The great Housing Revenue Account raid

14 Jul 15

Last week’s Budget saw George Osborne mount an audacious swipe at Housing Revenue Account funds. The impossible just got harder.

Popular legend has it that it was Marie Antoinette who said: “Let them eat cake.” Fast forward a couple of centuries and another member of the ancien régime is certainly looking to not only have his cake but very much wants to eat it, and some of the icing on the top as well. And the providers of these comestibles are to be the least well off members of society.

I refer of course to Mr Osborne’s Budget pronouncements about social housing. 

It is no more than three years since local authorities and their tenants, via the HousingRevenue Accounts (HRA), were asked to pay considerable sums to effectively buy the rental streams for the next 30 years in their HRA. The idea was to give them resource certainty so there would no longer be a decline in the standard of local authority social housing. The amount paid into the Treasury was around £9bn! 

At the time of self-financing it was promised that, if any of the components that were used to calculate the buy-out price changed, then this once-and-for-all settlement could be reopened. Since then, there have been a series of changes that have made HRAs more difficult to operate: bedroom tax; rent increases guidelines changed from the RPI measure of inflation to CPI; removal of rent convergence; increased discounts on Right to Buys; Universal Credit  – to name but a few. Yet in the face of all this, local authorities have continued to increase efficiency, improve their property services and even managed to start building some new houses to try and meet the 200,000+ per annum target. The shedloads of money applied to the private sector has so far not produced the goods.

However, the election introduced the challenge of selling off the best HRA properties (some estimate this will be £4.5bn per annum handed over to the Treasury) to enable the dogma, sorry, dream of everyone owning their own home, yes even housing association tenants. This means the local authority stock’s income is reducing possibly to the point when it starts to become questionable if they all can continue.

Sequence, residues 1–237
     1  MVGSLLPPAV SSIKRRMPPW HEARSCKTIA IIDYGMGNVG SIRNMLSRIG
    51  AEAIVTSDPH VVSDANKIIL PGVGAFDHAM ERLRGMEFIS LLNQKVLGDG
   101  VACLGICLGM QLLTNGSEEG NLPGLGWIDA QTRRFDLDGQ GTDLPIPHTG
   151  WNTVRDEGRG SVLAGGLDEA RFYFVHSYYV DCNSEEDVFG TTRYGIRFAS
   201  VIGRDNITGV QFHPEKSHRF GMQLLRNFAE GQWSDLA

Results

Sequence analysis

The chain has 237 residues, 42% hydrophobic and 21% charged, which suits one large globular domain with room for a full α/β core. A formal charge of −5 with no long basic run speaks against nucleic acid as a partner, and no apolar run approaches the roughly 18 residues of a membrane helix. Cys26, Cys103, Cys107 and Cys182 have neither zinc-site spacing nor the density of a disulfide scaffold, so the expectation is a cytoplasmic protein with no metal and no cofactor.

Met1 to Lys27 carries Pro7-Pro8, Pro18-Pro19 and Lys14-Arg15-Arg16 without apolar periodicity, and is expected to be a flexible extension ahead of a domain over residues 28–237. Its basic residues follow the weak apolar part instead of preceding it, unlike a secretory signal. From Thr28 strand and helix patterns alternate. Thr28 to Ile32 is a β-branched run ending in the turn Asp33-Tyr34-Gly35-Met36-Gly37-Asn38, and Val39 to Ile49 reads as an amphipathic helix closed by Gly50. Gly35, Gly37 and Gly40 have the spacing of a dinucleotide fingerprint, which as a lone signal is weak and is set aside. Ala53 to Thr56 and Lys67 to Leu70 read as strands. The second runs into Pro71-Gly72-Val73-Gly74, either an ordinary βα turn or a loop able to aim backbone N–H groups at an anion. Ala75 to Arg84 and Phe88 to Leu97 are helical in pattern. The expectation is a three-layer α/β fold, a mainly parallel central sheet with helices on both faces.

And now the very same chancellor who received that dollop of cash is looking to take another £1bn from the HRAs in a four-year hit because he claims social housing receives a subsidy. Projections over the remaining life of the 30-year settlement show many billions of pounds will be lost – the impossible just got harder. As to a subsidy, his fist-waving colleague Mr Iain Duncan-Smith’s Universal Credit now sees the decoupling of the money paid in benefit from the housing landlord accounts. The money is paid to the tenant and the landlord now has to extract the rent.  A really efficient approach for rent collection – NOT!!  And yet Mr Osborne claims this £1bn can be found by being even more efficient.

Poor old Marie Antoinette lost her head in the end and now I fear it will be HRAs that die – a death of thousand cuts. As for Mr Osborne, well time will judge if has provided us all with a living wage and he can reign supreme (perhaps drinking Chateau de Chasselas).

Meanwhile, where are those at the bottom of the pile going to live? In a cardboard box in the middle of the road?

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